The biggest difference between the two countries is in the amount of money they have.
Russia managed to accumulate more than $100bn in the two years from the $450bn it had in January 2018, although gross international reserves (GIR) fell slightly from $586bn in February to $573bn in March, partly due to the revaluing of its gold reserves, which dropped from $130bn to $125bn over the same period as prices sank.
Russia has an enormous amount of money. The reserves are equivalent to more than two years of import cover, or enough to pay off its entire public and external debt and still have $100bn in cash left over, which is enough to ensure the stability of the ruble.
Ukraine has been building up its reserves too, which have grown by $10bn from the $18.4bn it had in January 2018 to $27bn it last reported in March – a comfortable amount.
The increase in reserves brings some welcome relief, as they are the equivalent of 4.3 months of import cover, above the three-month minimum needed to ensure a stable currency. When GIR was a mere $18bn the country was in constant danger of a debilitating currency crisis.
A rise of $100bn in reserves in the last two years is a 27.4% increase, but proportionately Ukraine has done even better and seen its reserves grow twice as fast, up by 46.6% over the same period.
Starting with less then just getting a little means a lot more. The state issued a $1.25bn Eurobond last week that had a noticeable impact on the reserves, whereas Russia can shrug off the net outflow of $3.2bn in January-March by non-resident investors from its local bonds without a second thought.
Ukraine’s low level of reserves also makes it dependent on the International Monetary Fund (IMF) $5bn stand-by agreement, of which it has only received $2.1bn last year. The country has to repay a total some $16bn in debt this year, which is equivalent to 60% of its entire reserves. Without access to the IMF funds and the international capital markets, if Ukraine tapped its reserves to pay this debt off it would only have $11bn left, or 1.8 months of import cover. That would certainly cause a major devaluation of the hryvnia and plunge the country into yet another crisis.
On the other hand, even a US ban on US investors buying and holding OFZ bonds would only lead to an outflow of around $10bn and have little effect. Moreover, Russia’s Ministry of Finance issues about RUB3 trillion ($40bn) of OFZ a year but has some RUB9.5 trillion of funds at its disposal from various sources. It could, if the “nuclear option” sanctions were rolled out, simple stop issuing OFZ entirely for three years before it started to run into problems.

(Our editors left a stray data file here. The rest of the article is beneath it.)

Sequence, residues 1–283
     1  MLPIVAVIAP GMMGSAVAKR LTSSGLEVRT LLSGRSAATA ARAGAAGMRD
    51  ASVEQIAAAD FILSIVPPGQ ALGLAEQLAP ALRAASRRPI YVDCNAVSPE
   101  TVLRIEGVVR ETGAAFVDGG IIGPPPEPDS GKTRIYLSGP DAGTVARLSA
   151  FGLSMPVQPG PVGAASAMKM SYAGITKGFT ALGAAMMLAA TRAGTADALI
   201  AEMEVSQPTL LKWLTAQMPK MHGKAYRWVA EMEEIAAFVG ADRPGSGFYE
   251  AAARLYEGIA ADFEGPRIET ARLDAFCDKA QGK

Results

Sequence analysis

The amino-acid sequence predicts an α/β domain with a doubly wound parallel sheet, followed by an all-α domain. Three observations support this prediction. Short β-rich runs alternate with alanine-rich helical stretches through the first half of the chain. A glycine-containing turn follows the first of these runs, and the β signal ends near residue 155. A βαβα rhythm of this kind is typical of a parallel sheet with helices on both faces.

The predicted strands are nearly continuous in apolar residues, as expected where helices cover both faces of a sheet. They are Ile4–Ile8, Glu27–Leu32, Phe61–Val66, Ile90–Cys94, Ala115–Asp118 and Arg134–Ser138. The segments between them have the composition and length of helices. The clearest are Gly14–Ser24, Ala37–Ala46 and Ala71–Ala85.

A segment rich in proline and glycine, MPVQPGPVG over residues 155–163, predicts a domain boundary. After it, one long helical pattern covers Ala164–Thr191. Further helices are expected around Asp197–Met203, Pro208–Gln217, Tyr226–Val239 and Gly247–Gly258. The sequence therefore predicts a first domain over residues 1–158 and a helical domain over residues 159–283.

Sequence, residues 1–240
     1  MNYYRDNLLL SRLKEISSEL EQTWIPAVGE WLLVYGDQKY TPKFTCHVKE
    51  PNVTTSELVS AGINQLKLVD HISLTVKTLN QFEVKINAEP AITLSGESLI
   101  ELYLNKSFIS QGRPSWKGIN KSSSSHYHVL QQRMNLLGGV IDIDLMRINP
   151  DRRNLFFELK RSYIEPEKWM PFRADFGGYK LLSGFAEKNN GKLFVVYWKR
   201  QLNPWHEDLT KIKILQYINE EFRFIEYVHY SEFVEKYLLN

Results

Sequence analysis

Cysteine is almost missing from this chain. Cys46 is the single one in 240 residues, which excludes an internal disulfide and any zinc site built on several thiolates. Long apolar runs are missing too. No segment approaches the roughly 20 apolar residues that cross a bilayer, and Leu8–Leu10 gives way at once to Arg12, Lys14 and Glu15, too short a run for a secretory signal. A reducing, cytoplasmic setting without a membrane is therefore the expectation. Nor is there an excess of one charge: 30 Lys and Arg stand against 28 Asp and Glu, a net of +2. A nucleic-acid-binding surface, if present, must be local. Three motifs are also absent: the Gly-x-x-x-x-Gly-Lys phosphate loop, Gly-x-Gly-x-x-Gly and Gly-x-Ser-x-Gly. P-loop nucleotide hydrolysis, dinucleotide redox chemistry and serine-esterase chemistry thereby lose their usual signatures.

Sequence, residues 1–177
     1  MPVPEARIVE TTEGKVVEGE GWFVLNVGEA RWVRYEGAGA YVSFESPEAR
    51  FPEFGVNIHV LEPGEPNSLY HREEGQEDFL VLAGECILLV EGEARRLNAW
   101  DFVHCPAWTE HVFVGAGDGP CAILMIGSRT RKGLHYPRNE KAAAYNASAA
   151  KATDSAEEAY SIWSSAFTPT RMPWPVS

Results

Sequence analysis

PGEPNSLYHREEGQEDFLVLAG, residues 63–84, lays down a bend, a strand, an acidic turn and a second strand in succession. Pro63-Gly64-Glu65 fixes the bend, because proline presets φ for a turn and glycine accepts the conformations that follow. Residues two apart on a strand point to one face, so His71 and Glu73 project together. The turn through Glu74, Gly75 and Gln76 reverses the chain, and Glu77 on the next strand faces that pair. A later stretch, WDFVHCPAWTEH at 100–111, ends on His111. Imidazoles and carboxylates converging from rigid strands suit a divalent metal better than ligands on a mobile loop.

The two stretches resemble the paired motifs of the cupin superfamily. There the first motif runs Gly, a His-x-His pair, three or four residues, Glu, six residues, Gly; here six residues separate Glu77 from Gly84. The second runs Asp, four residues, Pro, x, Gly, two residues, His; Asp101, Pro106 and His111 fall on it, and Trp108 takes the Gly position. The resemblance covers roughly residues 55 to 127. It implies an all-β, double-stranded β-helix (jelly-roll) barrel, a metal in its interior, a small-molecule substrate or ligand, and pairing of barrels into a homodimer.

The central banks of both Russia and Ukraine have covered themselves in glory in their battle with inflation and have extremely similar conservative and competent managements. Where they differ is in their starting point and the stability of their markets.
The Central Bank of Russia (CBR) more or less defeated inflation in 2018 when the rate fell to a post-Soviet low of 2.3% – a result on a par with any developed market. CBR governor Elvira Nabiullina has been hailed as the “most conservative central banker in the world”, whereas the management at the National Bank of Ukraine (NBU) should be in the running for a similar title.
The NBU, on the other hand, was fighting against double-digit inflation that resulted from the collapse of the economy in 2015 following the Revolution of Dignity that saw the economy contract by 17% in a single quarter.
2019 was an annus mirabilis as Ukraine’s inflation tumbled by more than 6pp also to reach post-Soviet lows of under 2%. If anything, the NBU’s performance is far more impressive than Nabiullina’s, as inflation was not only contained; it was crushed. The regulator began slashing the prime interest rate by whole percentage points month after month.
The coronavirus (COVID-19) epidemic has been a tragedy for both countries that had solved their main macroeconomic problems and could have reasonably looked forward to half a decade of growth and prosperity, but from about January inflation began to surge.
The NBU went first and hiked rates in March (50bp) and then again in April (100bp). The CBR was only a few weeks behind and did the same with hikes in March (25bp) and April (50bp). As the charts show, the NBU’s more dramatic decisions are a result of its bigger problem.
As this inflation is not caused by monetary factors but things like food price rises and the pass-through from last year’s devaluations the rate hikes are anticipated to have only a limited impact on inflation, so more rate hikes are expected.